UNIX Shell

{{language |exec=interpreted |tags=bash |hopl id=568 }}The '''UNIX Shell''' is a component of terminal-based [[UNIX]]-derived systems which offers both a command-line interface for running system commands, as well as programming interface for intelligently automating tasks which use system commands.


There are many UNIX Shells and most of them can be categorized into two families. For purposes of the Rosetta Code, all examples are in Bourne-compatible syntax. The other family of shells, with a markedly different syntax, are ''csh'' ([[:Category:C Shell|C Shell]]) and its ''tcsh'' (Tenex C Shell) "clone." Common Bourne compatible shells include the original [[Bourne Shell]] (''/bin/sh'' on most versions of UNIX), the GNU [[Bourne Again SHell]] (''bash'' --- which is linked to ''/bin/sh'' on many distributions of [[Linux]], making it their default shell), the [[Korn Shell]] (''ksh''), the [[Public Domain Korn SHell]] (''pdksh''), the [[Almquist SHell]] (''ash'') and the [[Debian Almquist SHell]] (''dash'') and the [[Z SHell]] (''zsh'').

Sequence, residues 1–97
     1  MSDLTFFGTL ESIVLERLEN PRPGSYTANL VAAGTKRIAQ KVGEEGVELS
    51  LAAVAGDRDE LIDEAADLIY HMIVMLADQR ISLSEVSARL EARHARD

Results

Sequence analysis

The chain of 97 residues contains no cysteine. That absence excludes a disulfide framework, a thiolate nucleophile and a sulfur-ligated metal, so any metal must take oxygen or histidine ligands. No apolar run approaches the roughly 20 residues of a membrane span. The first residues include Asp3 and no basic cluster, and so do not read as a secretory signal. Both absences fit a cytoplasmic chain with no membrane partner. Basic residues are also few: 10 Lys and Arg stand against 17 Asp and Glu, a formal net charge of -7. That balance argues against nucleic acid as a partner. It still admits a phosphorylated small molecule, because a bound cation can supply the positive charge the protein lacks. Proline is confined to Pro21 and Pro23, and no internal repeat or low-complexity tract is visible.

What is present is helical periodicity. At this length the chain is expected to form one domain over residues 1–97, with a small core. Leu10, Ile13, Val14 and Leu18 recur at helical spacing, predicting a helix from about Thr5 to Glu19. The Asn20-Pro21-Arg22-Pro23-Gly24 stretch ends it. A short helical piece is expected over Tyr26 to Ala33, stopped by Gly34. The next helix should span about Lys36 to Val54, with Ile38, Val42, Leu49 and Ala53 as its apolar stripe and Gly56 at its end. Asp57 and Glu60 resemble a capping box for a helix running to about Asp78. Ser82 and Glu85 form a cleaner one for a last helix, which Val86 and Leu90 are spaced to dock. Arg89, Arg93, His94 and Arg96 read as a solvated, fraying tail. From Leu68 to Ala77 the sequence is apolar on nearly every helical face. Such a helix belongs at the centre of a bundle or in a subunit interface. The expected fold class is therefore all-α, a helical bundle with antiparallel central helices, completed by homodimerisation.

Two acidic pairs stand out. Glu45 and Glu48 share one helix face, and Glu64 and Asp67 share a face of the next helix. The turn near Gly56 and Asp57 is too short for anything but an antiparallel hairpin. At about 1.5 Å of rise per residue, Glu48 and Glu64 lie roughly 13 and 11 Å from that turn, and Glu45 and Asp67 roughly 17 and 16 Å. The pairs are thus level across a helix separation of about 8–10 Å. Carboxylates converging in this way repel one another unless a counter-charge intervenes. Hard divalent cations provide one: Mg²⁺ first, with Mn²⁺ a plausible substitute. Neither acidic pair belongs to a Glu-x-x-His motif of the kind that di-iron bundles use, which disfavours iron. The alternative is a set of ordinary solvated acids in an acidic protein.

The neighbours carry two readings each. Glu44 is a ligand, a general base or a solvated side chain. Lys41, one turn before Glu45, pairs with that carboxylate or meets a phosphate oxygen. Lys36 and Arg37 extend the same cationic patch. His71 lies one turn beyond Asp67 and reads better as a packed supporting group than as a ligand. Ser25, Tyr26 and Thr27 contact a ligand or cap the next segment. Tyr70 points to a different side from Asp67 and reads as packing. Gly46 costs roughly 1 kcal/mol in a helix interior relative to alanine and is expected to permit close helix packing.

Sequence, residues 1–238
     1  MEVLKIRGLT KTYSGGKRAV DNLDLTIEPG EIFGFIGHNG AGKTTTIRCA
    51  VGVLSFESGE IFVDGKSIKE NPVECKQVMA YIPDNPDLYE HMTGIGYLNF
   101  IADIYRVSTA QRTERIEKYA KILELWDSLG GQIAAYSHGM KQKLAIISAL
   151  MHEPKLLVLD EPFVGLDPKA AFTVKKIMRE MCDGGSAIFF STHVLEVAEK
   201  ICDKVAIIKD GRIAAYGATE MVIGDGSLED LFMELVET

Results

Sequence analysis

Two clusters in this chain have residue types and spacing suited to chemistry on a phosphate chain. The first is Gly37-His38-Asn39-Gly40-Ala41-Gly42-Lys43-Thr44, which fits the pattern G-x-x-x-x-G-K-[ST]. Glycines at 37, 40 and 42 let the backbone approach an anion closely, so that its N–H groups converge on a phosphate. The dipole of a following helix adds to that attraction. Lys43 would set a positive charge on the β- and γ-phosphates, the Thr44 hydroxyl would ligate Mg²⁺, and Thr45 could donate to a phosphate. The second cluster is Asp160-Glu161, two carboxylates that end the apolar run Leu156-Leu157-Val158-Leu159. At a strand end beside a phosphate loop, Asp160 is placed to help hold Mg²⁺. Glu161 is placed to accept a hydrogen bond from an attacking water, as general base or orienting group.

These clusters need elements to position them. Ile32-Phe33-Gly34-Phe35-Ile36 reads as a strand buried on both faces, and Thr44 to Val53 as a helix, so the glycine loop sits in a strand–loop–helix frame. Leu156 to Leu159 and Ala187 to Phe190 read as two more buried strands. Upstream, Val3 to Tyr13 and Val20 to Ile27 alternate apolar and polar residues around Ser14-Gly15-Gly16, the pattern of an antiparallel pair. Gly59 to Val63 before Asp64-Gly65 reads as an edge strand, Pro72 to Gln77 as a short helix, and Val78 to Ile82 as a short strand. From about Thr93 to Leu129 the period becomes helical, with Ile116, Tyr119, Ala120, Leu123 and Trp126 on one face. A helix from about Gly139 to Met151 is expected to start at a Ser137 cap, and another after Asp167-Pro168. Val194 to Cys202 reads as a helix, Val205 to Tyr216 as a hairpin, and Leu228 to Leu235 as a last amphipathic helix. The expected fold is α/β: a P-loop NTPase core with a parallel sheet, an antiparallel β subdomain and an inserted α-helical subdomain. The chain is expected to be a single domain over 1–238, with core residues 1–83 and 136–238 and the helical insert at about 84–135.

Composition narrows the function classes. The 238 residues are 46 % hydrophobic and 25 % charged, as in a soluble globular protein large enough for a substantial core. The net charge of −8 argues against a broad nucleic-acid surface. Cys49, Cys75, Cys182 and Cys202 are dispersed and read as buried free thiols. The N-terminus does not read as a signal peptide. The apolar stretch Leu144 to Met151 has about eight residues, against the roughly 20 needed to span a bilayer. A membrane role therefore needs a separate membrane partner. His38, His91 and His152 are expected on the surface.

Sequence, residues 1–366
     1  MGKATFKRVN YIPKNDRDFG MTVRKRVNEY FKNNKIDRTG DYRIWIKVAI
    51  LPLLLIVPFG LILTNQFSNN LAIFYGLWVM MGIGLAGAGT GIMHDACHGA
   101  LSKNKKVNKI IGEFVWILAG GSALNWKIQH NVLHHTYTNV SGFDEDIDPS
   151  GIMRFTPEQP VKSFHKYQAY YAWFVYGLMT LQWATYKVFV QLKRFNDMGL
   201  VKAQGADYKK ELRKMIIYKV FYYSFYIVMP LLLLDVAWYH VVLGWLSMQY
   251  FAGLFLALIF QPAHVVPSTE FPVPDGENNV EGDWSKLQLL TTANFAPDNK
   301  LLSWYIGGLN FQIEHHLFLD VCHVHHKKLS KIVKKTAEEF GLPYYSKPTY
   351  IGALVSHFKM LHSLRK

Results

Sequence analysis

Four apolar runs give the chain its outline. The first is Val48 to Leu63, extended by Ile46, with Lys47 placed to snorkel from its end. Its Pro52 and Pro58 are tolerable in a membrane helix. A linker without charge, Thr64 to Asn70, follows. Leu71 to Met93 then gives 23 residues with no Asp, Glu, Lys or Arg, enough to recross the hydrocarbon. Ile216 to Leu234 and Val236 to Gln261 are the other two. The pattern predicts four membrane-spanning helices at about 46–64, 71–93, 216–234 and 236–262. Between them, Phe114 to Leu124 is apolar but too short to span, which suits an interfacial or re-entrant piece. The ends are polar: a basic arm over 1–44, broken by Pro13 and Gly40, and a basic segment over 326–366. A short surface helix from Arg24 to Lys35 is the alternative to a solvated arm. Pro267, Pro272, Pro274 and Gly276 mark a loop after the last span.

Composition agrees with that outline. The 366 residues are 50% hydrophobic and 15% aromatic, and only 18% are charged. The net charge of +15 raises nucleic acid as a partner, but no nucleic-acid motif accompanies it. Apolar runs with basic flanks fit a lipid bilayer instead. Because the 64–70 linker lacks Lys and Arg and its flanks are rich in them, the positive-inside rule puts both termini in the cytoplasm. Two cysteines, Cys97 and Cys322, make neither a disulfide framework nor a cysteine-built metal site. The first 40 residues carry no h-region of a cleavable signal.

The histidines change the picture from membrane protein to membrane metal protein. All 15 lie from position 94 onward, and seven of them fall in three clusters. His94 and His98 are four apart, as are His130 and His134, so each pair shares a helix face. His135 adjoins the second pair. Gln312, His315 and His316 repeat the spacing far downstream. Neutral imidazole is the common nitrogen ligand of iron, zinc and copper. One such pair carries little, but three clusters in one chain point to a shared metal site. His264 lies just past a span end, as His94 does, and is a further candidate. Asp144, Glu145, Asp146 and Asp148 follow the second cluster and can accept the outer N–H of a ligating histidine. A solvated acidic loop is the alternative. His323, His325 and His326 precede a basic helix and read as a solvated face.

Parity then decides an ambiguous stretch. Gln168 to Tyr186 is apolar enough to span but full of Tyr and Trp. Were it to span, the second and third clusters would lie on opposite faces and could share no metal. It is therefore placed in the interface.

''Main article: [[UNIX Shell Implementations]]''


While UNIX Shells vary in the programming languages they support, such languages carry a minimum set of features. Each language allows the programmer to [[Execute a System Command|execute system commands]] as though he were typing the commands himself, and each language allows for a header line which specifies which shell implementation is used to interpret the script.

This one tells the operating system to use the [[Bourne Shell]]: #!/bin/sh This line tells the operating system to use the [[Bourne Again SHell]]: #!/bin/bash And this one tells the operating system to use the [[Korn Shell]]: #!/bin/ksh

Each header line consists of a hash, a bang, and the path to the [[interpreter]] binary.